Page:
EPIC2019

Registration is open! Join the premier global conference on ethnography in business, 9–12 November.

Read more

Intelligences

The best collection of global expertise in ethnography in business, including papers, PechaKucha, keynotes, tutorials and video.

Read more

3 Narratives that Stymie Social Change and What We Can Do about It

by NAT KENDALL-TAYLOR, FrameWorks Institute Social change requires culture change and social science can help. “Context matters.” “It’s a systemic issue.” “It’s…complicated.” As ethnographers and researchers these are our mantras—but how can we communicate about social issues in ways that really make a difference? Evidence shows that how we frame our messages can have dramatic effects on all kinds of outcomes that count. Real social change requires shifts in deeply ingrained cultural models: what people feel about society and social groups; how we understand problems and their solutions; and the degree to which we feel motivated and willing to engage in the social problems of our day. I have studied nearly 40 different social issues, the cultural models people use to understand them, and messaging that can shifts those understandings. Across these diverse social issues, I have found three cultural models that stymie social change—and three research-based messaging strategies that can help shift them. Three...

Anthro Spectacle @SXSW: How Anthropology Captured the Imagination of Marketing Tech

by E. GIGI TAYLOR, Luminosity Research I live in Austin, Texas. Along with breakfast tacos, Willie Nelson, and scorching hot summers, Austin is the home of the international conference known as South by Southwest (SXSW). It’s actually three conferences (Interactive, Music, and Film) rolled out over ten days in March. Much of the Interactive portion is about technology, media, and brands. SXSW brings in close to 300,000 people and is now recognized as the prime national stage to launch new products and brands. Those of us who have lived in Austin forever lovingly (or not so lovingly) call this colossus “South by So What.” Traffic gets even more snarled and all the restaurants are packed. But having spent a good part of my professional career in advertising, I find the Interactive conference an increasingly fascinating spectacle. But “the most valuable business weekend of the year” is hardly a hive of anthropological thinking. So I was truly honored—and more than a little surprised—to receive an invitation to speak...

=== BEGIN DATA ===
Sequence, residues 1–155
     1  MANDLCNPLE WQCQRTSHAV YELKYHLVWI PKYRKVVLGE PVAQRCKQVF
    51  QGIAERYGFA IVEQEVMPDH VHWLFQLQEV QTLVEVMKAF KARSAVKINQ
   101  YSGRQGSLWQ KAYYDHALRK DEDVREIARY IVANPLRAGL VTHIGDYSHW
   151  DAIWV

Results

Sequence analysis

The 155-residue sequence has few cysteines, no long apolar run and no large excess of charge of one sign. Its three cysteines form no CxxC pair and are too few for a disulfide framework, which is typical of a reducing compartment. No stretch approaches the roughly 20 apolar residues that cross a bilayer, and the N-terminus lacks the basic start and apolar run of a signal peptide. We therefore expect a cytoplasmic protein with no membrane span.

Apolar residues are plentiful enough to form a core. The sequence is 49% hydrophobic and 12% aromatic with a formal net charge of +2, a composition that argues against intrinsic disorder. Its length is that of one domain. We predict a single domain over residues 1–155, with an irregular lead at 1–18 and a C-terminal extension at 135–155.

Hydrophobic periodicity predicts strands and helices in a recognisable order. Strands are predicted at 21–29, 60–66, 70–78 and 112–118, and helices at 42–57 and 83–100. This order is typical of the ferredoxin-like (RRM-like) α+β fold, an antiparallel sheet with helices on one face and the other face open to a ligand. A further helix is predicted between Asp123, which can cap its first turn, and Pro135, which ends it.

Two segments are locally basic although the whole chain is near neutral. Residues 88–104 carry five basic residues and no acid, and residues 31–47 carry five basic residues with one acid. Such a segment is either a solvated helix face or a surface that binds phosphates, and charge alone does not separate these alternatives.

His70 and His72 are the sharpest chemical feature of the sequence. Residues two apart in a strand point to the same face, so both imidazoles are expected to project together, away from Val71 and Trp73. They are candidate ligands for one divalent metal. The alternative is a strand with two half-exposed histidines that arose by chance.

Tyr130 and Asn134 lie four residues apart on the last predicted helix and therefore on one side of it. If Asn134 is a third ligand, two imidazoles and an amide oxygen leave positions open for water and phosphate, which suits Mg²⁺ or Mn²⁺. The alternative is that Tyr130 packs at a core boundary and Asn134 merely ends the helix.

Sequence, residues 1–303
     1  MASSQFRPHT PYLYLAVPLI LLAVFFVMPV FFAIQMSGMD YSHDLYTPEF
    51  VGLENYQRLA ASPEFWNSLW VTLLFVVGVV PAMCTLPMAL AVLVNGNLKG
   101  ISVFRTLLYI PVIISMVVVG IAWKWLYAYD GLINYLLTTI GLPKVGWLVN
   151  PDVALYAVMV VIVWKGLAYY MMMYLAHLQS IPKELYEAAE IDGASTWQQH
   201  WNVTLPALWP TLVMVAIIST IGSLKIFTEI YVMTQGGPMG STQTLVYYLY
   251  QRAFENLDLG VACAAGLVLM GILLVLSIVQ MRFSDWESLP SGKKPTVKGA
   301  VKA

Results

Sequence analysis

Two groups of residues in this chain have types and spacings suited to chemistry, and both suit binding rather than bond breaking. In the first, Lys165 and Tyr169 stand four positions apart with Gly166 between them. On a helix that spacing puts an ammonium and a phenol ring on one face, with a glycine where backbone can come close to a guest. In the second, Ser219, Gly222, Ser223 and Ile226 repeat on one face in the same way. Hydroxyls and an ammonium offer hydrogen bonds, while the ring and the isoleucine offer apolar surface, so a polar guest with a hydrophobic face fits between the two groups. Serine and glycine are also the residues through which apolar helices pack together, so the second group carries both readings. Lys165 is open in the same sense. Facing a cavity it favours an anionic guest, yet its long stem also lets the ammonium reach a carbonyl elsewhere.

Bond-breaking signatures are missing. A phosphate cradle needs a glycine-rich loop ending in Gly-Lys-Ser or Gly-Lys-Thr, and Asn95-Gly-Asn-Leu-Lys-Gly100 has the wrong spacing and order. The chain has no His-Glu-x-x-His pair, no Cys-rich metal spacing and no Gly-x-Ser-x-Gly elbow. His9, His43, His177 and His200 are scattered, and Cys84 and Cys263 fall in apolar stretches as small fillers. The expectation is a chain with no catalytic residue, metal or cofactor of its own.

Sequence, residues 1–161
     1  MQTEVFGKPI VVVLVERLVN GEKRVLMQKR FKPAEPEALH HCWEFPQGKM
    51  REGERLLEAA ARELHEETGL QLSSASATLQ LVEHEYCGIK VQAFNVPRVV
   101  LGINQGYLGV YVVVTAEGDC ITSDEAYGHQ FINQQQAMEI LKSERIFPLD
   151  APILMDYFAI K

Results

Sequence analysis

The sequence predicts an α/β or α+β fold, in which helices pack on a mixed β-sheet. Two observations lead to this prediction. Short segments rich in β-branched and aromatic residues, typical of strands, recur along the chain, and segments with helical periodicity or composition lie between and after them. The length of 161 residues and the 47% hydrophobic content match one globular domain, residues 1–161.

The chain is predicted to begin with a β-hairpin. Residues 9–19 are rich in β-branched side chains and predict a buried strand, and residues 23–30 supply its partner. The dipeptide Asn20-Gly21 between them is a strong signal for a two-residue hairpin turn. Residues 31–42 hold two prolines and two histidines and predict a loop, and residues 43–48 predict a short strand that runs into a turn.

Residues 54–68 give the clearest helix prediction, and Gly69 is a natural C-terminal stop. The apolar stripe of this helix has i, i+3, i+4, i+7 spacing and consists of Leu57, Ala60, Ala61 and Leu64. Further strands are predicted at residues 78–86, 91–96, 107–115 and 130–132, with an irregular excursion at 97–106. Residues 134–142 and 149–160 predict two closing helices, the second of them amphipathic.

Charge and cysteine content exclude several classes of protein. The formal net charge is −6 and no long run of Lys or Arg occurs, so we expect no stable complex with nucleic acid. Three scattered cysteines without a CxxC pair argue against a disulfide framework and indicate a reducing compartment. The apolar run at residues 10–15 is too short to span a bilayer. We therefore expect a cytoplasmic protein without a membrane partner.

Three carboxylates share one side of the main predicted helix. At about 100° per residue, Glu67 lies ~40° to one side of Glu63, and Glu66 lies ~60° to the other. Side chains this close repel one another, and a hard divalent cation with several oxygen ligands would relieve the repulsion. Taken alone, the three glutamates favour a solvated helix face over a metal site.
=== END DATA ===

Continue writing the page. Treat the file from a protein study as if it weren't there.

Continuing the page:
Owning Our Devices: Learning from People Who Adapt Tech for Well-Being

An interview with MARGARET MORRIS by ANNA ZAVYALOVA & GIULIA NICOLINI, Stripe Partners Public debate has rightly focused on the perils and toxicity of new technologies, and questioned the motivations of the companies building them. Meanwhile though, people are creatively adapting technology to their own social and psychological needs. Margie Morris explores this crucial space of personal innovation for social connection and well-being in her new book Left to Our Own Devices: Outsmarting Smart Technology to Reclaim our Relationships, Health, and Focus. Margie is a clinical psychologist, researcher, and inventor of technologies which support well-being. She led research on emotional technology at Intel, conducted user experience at Amazon and now teaches in the department of Human-Centered Design and Engineering at the University of Washington. Based on years of primary and secondary research as well as Margie’s own involvement in creating apps and other technologies, the book offers a fresh take on human-technology interaction,...

Needed: Anthropologists in Insurance

by SHELLY HABECKER Swiss Re I work in life insurance. No, I’m not an actuary or underwriter—I’m an anthropologist, and it’s a great fit. I began my career working with refugees in the public and nonprofit sectors, then spent seven years teaching anthropology courses to undergraduates, and I’ll admit that insurance wasn’t on my mind. But now that I’m here the value of my background is clear: Anthropology has taught me to be a listener, a storyteller, and a holistic thinker. I use these skills every day in my job in customer experience on an insurance innovation team. Another thing is clear: the insurance industry needs anthropologists, even though they might not know it yet. So, if you’re an anthropologist or ethnographer of another stripe, please consider applying for jobs in the insurance industry. To do that you’ll need to get creative about where you look for employment and how you present your skills. Let me explain. Insurance Companies Need Anthropologists as Listeners Insurance companies are brimming...

10 Things You Should Know about Moving from Academia to Industry

by NADINE LEVIN, Facebook In the fall of 2016, I made the jump from academia to UX research. As opportunities for permanent employment in the social sciences are becoming more and more scarce, this move is becoming increasingly common. And yet, I made this transition with few resources or mentorship, feeling unprepared and unsupported by my discipline. During my undergraduate and postgraduate studies, I was self-confident and passionate about my work. But after a couple of post-docs, a handful of scholarships/prizes, several “you were our second choice” responses to tenure track job searches, and a full book manuscript that got rejected by a press (which shall remain nameless), I found myself unhappy and full of self-doubt. Worst of all, I became increasingly pessimistic—not just about academia, but about life. So, I decided to try out industry. I left my NSF postdoc (and bewildered mentor) three months early, and started exploring jobs in the tech sector. During this liminal time, a friend of mine mentioned...